- Extract from Ulva lactuca, Pterocladia capillacea, and Jania rubens increased fruit length and diameter in hot pepper. Extracts from nodosum also increased soluble sugars in eggplants.
- Inorganic compounds made of carboxylic acids increased fruit width, length, and thickness in apricots.
- Protein and N-based biostimulants are known to improve fruit color. For example, the capsicum variety Palermo’s fruit color was enhanced due to increased carotenoids by applying a commercial biostimulant composed of amino acids and vitamins as a spray for leaves and fruits.
- Humic and fulvic acids also improved fruit length in apricots. Humic acids as foliar and soil sprays also increased total soluble solids, and the ratio of BRIX and acidity improved the taste of several fruits.
- Chitosan improved fruit size and color in strawberries. Chitosan also improved the soluble sugar content in nectarine.
- mosseae, an AMF, boosts soluble sugars in honey melon (Cucumis melo).
Fruit Quality Meters like those produced by Felix Instruments Applied Food Science can estimate the chemical quality parameters like soluble sugars content, dry matter, pH, acidity, and color to evaluate the efficacy of biostimulant use.
Fruits like cherries are prone to peel cracking for various reasons, like genotype, soil type, rainfall volume, and intensity. The cracking can lead to harvest losses, which is unacceptable to consumers. Seaweed extract prepared from Ascophyllum nodosum reduces peel cracking and increases fruit wax production in cherries. A thicker fruit skin wax reduces moisture loss, protects the fruits from microbial infestation, and maintains firmness.
Positive results were obtained in retaining the firmness of fruits by using biopolymers, chitosan, humic and fulvic acid, and inorganic compounds.
- Biopolymers, humic and fulvic acids, and inorganic compounds improved fruit firmness in apricots, but yearly variations can be expected.
- Chitosan enhanced firmness in strawberries, raspberries, and sweet cherries when applied as a preharvest application.
Figure 2: “Enhancement of total anthocyanins, carotenoids, total flavonoids, phenolics contents, and antioxidant activity of fresh strawberry cv. Festival by the treatment of chitosan,” Rahman et al. 2018. (Image credit: https://doi.org/10.1371/journal.pone.0203769)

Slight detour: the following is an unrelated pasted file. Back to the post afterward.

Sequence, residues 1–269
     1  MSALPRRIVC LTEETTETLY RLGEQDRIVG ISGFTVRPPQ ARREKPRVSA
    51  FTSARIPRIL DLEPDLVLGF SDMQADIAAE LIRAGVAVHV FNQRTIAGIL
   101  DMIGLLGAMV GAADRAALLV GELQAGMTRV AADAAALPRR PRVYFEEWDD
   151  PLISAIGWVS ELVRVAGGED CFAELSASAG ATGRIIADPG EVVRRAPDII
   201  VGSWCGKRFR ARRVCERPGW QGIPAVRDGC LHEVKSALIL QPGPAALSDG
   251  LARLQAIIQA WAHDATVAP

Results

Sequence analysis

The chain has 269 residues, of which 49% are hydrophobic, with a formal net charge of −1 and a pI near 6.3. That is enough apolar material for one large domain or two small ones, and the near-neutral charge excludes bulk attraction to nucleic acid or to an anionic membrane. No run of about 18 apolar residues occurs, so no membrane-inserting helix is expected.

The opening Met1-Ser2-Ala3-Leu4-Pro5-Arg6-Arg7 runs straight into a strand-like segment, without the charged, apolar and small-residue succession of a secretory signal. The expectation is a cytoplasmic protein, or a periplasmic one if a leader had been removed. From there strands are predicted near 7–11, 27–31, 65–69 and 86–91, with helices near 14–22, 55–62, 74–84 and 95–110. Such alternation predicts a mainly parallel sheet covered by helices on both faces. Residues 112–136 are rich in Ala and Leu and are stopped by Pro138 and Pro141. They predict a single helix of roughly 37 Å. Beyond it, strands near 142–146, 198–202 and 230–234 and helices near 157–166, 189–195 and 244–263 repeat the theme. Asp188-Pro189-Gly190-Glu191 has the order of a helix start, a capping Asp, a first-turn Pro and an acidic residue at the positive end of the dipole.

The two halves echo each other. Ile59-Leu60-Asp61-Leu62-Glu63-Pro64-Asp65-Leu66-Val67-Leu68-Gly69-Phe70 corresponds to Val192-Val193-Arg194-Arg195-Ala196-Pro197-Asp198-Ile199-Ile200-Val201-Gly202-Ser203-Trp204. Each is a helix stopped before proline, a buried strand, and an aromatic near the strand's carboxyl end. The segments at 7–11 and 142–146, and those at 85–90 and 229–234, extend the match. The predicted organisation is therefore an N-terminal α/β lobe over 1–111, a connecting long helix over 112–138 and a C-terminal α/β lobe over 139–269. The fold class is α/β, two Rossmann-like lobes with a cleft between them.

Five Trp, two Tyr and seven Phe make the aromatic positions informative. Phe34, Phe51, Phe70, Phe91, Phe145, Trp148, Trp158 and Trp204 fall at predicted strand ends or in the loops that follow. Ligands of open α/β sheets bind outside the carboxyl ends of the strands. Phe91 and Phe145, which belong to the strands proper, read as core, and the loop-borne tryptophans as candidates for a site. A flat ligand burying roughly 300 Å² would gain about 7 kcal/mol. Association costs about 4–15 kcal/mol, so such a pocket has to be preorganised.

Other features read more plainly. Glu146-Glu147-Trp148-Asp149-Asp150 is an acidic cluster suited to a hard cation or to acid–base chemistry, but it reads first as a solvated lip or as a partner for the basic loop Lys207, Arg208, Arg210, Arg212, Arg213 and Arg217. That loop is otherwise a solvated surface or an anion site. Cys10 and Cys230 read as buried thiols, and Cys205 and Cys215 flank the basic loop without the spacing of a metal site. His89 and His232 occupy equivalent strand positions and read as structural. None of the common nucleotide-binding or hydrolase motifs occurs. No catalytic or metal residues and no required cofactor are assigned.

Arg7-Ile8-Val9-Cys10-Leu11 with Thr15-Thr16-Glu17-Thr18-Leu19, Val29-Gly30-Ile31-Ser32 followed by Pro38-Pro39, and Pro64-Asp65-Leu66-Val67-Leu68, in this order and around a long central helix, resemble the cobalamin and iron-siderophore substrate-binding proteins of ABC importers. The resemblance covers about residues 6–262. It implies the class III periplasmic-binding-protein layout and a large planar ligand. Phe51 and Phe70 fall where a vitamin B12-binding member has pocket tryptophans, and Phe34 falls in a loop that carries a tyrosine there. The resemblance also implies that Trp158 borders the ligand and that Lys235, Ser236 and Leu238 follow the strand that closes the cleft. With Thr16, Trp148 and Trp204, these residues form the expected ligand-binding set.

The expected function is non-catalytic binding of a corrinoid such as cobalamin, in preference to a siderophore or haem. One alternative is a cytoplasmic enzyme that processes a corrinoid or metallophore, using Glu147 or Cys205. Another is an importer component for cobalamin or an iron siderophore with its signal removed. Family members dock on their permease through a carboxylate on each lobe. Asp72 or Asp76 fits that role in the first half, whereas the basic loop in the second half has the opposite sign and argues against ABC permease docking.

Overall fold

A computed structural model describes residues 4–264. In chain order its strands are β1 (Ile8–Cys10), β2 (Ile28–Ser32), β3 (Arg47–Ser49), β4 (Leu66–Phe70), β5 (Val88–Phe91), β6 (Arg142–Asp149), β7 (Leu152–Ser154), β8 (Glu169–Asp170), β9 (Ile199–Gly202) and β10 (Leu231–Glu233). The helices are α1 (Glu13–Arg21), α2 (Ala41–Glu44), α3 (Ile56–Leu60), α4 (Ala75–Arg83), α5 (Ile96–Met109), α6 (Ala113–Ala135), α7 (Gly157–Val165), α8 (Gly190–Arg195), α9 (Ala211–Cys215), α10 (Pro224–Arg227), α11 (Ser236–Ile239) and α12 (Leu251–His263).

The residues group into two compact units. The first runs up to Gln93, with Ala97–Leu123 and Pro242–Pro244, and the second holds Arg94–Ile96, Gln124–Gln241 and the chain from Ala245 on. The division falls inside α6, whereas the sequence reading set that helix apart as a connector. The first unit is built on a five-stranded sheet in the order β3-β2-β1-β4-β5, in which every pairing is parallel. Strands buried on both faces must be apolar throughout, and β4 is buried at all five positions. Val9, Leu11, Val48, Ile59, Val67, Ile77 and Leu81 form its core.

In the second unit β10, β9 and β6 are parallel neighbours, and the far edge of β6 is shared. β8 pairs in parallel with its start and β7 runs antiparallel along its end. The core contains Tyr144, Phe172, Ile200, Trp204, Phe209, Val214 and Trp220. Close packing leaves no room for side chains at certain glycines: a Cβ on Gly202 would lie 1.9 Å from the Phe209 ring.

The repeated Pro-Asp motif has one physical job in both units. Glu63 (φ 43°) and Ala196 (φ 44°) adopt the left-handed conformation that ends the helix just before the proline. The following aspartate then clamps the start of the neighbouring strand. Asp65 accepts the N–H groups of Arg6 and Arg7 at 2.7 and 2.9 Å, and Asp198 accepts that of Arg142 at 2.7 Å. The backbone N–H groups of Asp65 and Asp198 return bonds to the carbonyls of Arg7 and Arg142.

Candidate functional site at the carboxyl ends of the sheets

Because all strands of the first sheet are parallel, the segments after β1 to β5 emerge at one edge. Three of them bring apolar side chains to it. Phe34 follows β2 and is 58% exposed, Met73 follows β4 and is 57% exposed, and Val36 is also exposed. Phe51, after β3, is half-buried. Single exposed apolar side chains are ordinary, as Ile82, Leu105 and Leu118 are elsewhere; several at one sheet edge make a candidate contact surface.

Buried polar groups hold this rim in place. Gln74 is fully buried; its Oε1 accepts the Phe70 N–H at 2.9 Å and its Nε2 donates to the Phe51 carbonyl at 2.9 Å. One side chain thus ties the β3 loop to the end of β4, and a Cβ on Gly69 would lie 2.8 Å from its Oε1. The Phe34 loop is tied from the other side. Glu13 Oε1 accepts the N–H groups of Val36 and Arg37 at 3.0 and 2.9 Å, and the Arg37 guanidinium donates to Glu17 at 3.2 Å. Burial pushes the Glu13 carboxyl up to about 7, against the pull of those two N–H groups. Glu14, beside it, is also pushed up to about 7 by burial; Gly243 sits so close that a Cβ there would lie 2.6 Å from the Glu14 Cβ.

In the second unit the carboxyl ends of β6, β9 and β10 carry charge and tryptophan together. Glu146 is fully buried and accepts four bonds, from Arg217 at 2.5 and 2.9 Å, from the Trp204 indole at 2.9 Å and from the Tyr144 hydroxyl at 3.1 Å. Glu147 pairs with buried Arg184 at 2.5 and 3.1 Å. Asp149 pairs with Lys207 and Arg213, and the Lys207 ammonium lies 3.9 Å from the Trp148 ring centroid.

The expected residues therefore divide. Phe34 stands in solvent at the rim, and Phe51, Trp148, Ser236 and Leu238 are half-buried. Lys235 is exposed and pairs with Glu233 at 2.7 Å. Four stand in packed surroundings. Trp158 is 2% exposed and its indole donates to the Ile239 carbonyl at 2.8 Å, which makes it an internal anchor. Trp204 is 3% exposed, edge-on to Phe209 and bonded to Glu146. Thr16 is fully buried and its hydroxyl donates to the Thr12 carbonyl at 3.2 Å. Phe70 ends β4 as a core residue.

Nutraceuticals are compounds found in plants that are healthy for people. Consumers are increasingly looking for healthy fresh produce, and growers can boost sales chances and pricing by increasing these compounds in their crops. Several of the biostimulant groups enhance the nutritional value of vegetables and fruits, as discussed below:
- Protein-based biostimulants derived from chicken feathers, given as 5 percent foliar spray and 20 percent fertigation, increased the concentrations of amino acids, proteins, reducing sugars, phenolics, and flavonoids in ripe banana fruits.
- Seaweed extracts prepared from nodosum increased the total antioxidants in eggplants’ pulp, skin, and anthocyanin in peels. However, responses to biostimulants varied among cultivars of eggplants and year of cultivation.
- Botanicals like biostimulants made from alfalfa and grapes increased ascorbic acid and antioxidant activity in green peppers and capsaicin in red fruits.
- Humic acids increased carotenoids in sweet pepper.
- Chitosan improved the accumulation of phenolic compounds in many plants. It is an indirect effect of chitosan increasing levels of defense enzymes like phenylalanine ammonia-lyase that are also involved in synthesizing phenols. Also, chitosan significantly increased carotenoids, flavonoids, anthocyanins, and phenolics by 2.6 folds in strawberry fruits, see Figure 2.
- AMF ( mosseae) induces enhanced antioxidants in honey melon (Cucumis melo) grown in greenhouses.
Since postharvest treatment influences fruit quality and shelf life, biostimulants application can also help in this stage. For example, chitosan as a postharvest application can prevent decay during storage by delaying microbial infection and thus extend fruit shelf-life.
Meeting Consumer Satisfaction
The quality attributes that consumers look for in fruits are changing. Traditionally they considered physical parameters like appearance, size, color, firmness, signs of damage, and weight, and chemical characteristics like sweetness, taste, and maturity. Consumers now also look for better nutritional value in their food, defined by compounds like phenols, antioxidants, carotenoids, vitamins, etc. Biostimulants can help growers meet quality demands by consumers without using chemicals and make food safer for the public, another growing concern nowadays.
Afonso, S., Oliveira, I., Meyer, A. S., & Gonçalves, B. (2022). Biostimulants to improved tree physiology and fruit quality: A review with special focus on Sweet Cherry. Agronomy, 12(3), 659. https://doi.org/10.3390/agronomy12030659
Ali, M., Cheng, Z., Hayat et al. (2019). Foliar spraying of aqueous garlic bulb extract stimulates growth and antioxidant enzyme activity in eggplant (Solanum melongena L.). J. Integr. Agric., 18, 1001–1013.
Bhupenchandra, I., Devi, S., Basumatary, A., et al. (2020). Biostimulants: Potential and Prospects in Agriculture. Int. Res. J. Pure Appl. Chem. 2020, 21, 20–35.
Rahman, M., Mukta, J., Sabir, A., et al. (2018). M. Chitosan biopolymer promotes yield and stimulates accumulation of antioxidants in strawberry fruit. PLoS ONE, 13, e0203769.
Rodrigues, M., Baptistella, J. L., Horz, D. C., et al. (2020). Organic Plant Biostimulants and Fruit Quality—A Review. Agronomy, 10(7), 988. https://doi.org/10.3390/agronomy10070988
Rouphael, Y., Giordano, M., Cardarelli, M., et al. (2018). Plant- and seaweed-based extracts increase yield but differentially modulate nutritional quality of greenhouse spinach through biostimulant action. Agronomy, 8, 126
Tahiri, A., Meddich, A., Raklami, A., et al. (2021). Assessing the potential role of compost, PGPR, and AMF in improving tomato plant growth, yield, fruit quality, and water stress tolerance. Journal of Soil Science and Plant Nutrition, 22(1), 743–764. https://doi.org/10.1007/s42729-021-00684-w